Last day in Turkmenistan.
As unbelievable as it had seemed only two weeks earlier, I was about to reach the border of Iran on foot. I felt tired. I felt excited. It was like a fever.
So I left the hotel and looked back:
A strange place, but a comfortable one at that.
The Boss had suggested that we visit an 11th century mausoleum, which was just a little bit off our original route:
It was called Abul Fazl mausoleum, and it was awesome:
The thing is this: many ancient structures in Central Asia (and in China) have been renovated and reconstructed to a point where they feel about as old as a coffeeshop in a shopping mall. Sure, they’re pretty. But they have lost quite a bit of their original charm.
This one had a rather simple feel to it:
There was a sarcophagus in the center that apparently housed the remains of Sufi Abul Fazl (also called Serakhs Baba, patron of Serakhs):
And outside, just like in so many other places in Central Asia, there were remnants of the religious beliefs that had been here long before Islam:
And there were the almost unrecognizable remains of a citadel that had once guarded this territory:
History had washed it away.
I loved the hell out of these car seats:
At this point the Boss got a call from the State Migration Service of Turkmenistan. He was told that it would be better if we stopped looking at mausoleums that were not on our route.
So I got on my way, and I took some photos of an ice-cream stand:
And a shop:
And a school:
Then the Boss got another call from the State Migration Service of Turkmenistan, saying it would be better if I stopped taking photos in the city.
So I kept walking. At one point I sat down to take a short break, and a gentleman appeared and said he was from the State Migration Service of Turkmenistan. He wanted to know who I was and what I did. I told him. He wished me good luck for the rest of the way. I asked him if I could take photos outside of the city.
He smiled and said it would be better if I didn’t.
I walked very very fast after this. When I reached the border, the Boss and the Don were there, and we went to a restaurant that was in the customs area. It was full of military, all of whom were very friendly.
We took our last selfie together, the Boss, the Don, and I:
Then I went into the border. It took about two or three hours all together. I had to fill out a bunch of documents on the Turkmen side, and we took a general look at my belongings. A few doors had to be unhinged for the Caboose to pass through. Everyone was very nice.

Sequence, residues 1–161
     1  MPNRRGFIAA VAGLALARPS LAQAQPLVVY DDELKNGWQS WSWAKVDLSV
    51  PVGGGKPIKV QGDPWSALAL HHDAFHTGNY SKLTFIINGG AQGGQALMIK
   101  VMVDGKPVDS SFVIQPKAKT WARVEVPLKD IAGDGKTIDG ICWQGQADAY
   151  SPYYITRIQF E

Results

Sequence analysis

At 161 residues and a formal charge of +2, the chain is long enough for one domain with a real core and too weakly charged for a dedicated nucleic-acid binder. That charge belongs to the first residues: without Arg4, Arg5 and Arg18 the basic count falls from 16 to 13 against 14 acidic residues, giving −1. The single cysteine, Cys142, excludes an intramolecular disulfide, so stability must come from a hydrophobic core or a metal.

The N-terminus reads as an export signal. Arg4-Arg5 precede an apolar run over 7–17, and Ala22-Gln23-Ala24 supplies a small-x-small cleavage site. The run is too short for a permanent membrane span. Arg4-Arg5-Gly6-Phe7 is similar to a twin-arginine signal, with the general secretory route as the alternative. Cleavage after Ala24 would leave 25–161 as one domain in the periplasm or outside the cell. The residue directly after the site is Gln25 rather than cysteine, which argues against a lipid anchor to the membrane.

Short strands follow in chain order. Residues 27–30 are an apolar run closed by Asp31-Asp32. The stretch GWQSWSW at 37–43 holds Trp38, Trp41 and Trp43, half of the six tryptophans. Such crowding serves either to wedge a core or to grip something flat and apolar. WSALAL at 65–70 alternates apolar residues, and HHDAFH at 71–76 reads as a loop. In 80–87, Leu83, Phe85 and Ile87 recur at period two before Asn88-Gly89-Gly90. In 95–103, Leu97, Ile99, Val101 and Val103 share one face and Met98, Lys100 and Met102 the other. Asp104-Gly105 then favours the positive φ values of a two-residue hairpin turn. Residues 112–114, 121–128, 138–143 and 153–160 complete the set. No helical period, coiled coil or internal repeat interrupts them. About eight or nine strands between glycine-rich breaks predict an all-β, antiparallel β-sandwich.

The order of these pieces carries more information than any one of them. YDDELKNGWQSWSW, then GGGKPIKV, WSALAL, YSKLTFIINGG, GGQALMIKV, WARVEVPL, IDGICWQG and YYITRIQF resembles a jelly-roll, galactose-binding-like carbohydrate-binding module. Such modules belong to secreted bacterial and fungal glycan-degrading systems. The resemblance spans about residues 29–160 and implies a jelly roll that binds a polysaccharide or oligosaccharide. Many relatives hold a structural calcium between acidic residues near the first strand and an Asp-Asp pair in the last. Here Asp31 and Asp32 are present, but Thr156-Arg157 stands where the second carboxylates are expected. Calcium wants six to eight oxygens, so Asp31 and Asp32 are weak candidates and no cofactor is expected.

Then I stepped out into a sort of no-man’s land between the countries, much like the one between Uzbekistan and Turkmenistan two weeks before, or like the one between China and Kazakhstan more than a year earlier.
An old gentleman appeared and told me I wasn’t allowed to walk the two or three kilometers between Turkmenistan and Iran. I had to take a bus. I said no. He said yes. A soldier appeared and said I had to take the bus. I said no. He said yes. The soldier made a call on his two-way radio. Then he said it was okay, I could walk. So I did. There were fences, and between the fences, there was a winding road. Then there was a bridge with the flags of both countries, and then I was on the Iranian side. Almost everyone had beards there. They gave me tea. Then we looked through my stuff. Did I have whisky? No. Other alcohol? No.
There was a quick health check, during which I asked if I could use their scale:
Then I was through, and when I stepped out of the border, I realized that I was really, really, really, really, really in Iran:
It was unfuckingbelievable.
I walked down a road towards the Iranian city of Sarakhs (its Turkmen sister on the other side of the border was called Serakhs), and when I looked to the right I saw a mosque:
It was only a kilometer or so until I reached a massive hotel:
Here’s the Let’s Walk video of that walk:
But alas! I had no Iranian money with me, and the hotel wouldn’t accept dollars or euros, so I had to turn around and go back to the border in order to change there. I did it in a small shop:
And once I had my Rial, I bought a cup of Safran ice-cream:
I sat down with it outside of the shop, and I ate it slowly and at leisure, thinking: I am really in Iran I am really in Iran I am really in Iran I am really in Iran I am really in Iran I am really in Iran I am really in Iran I am really in Iran I am really in Iran I am really in Iran I am really in Iran I am real…